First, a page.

It's that time of year again when the residents of Hungerford in West Berkshire celebrate the ancient tradition of Hocktide.
During the day tutti men - or women - like this year, visit local homes and businesses to collect kisses in return for an orange. Hungerford is the only place in Britain to keep up this pagan ritual as Juliette Fletcher reports.
Hocktide festivities are underway in Hungerford, Berkshire. Hocktide day in Hungerford is the only place in the country that still celebrates the pagan tradition going back 650 years.
The age old tradition of Tutti Day has got underway in Hungerford, in Berkshire.
It starts when the Town Crier summons the 'Commoners' of the town to the Hocktide Court, held at the town hall, while two florally decorated 'Tutti Men' - accompanied by around six Tutti Girls - visit local homes to collect kisses from each lady of the house.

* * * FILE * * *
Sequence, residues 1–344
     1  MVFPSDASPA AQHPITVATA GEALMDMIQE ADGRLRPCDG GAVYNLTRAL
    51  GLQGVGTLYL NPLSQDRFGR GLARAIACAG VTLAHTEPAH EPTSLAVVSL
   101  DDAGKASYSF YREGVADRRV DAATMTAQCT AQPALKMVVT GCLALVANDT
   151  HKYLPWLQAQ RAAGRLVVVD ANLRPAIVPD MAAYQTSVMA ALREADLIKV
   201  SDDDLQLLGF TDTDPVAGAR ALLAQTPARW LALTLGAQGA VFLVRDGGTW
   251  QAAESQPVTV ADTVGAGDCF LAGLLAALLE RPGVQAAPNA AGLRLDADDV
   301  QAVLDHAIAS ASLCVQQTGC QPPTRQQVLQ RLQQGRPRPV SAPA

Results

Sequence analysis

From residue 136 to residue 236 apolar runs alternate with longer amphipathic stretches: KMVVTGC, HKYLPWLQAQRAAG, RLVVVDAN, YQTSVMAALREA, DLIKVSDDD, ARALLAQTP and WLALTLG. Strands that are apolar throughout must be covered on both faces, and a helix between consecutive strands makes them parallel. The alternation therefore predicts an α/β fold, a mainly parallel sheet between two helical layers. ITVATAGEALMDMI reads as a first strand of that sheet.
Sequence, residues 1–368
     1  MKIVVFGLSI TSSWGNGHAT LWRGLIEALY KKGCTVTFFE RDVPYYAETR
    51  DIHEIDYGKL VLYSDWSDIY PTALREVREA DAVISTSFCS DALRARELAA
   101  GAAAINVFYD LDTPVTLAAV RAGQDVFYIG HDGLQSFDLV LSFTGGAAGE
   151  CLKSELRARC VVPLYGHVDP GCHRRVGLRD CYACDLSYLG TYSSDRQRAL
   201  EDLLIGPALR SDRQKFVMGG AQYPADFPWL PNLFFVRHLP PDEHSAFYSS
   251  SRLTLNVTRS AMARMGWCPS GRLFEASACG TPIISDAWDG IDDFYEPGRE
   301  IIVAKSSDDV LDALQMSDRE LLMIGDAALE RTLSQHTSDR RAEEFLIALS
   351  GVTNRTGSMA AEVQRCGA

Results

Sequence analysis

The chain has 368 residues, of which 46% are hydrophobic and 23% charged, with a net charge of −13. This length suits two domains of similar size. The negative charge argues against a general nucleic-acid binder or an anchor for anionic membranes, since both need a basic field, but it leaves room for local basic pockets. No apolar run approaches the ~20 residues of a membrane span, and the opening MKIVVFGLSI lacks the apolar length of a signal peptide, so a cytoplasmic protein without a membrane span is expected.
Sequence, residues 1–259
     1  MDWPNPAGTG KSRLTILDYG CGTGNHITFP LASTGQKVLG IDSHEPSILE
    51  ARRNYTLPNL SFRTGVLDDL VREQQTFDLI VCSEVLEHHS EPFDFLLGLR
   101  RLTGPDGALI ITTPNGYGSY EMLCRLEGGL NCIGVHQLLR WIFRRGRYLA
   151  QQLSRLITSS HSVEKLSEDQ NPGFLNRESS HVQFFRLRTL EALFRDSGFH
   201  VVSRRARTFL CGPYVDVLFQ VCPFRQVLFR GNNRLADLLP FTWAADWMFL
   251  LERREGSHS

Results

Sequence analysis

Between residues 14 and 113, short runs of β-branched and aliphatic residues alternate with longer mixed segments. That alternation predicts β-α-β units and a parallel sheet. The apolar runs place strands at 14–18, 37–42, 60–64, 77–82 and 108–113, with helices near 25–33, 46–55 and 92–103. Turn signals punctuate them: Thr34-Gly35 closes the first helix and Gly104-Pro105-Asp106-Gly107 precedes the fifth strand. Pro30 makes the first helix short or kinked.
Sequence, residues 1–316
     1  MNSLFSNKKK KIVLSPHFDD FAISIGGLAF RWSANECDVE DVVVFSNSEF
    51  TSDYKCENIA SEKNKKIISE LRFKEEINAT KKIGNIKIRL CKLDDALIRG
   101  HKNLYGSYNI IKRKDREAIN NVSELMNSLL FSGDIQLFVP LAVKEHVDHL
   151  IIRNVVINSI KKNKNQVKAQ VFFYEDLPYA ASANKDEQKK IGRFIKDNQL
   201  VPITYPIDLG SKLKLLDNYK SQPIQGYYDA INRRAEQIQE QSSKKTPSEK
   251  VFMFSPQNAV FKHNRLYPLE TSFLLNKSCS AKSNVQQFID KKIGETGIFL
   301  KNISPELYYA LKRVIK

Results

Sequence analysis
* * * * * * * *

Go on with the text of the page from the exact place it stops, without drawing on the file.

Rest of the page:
Tutti Day is an old tradition linked to marking the end of the financial year. Hungerford in Berkshire is the only place in the UK where people still dress up for the occasion.
On the second Tuesday after Easter 'Tutti Men' would visit each household and collect a 'head penny' from each person. Nowadays the 'Tutti men' just collect a kiss. Here's Penny Silvester's report from Tutti Day 2011.
Two 'Tutti Men' in the Berkshire market town of Hungerford will be collecting kisses today from each lady of the houses they visit for Tutti Day today.
It is thought the celebration dates back to medieval times when 'Tutti men' would collect the 'head penny' from each householder on the second Tuesday after Easter. The tradition of dressing up and visiting around 100 properties with 'common rights' is linked to the end of the financial year.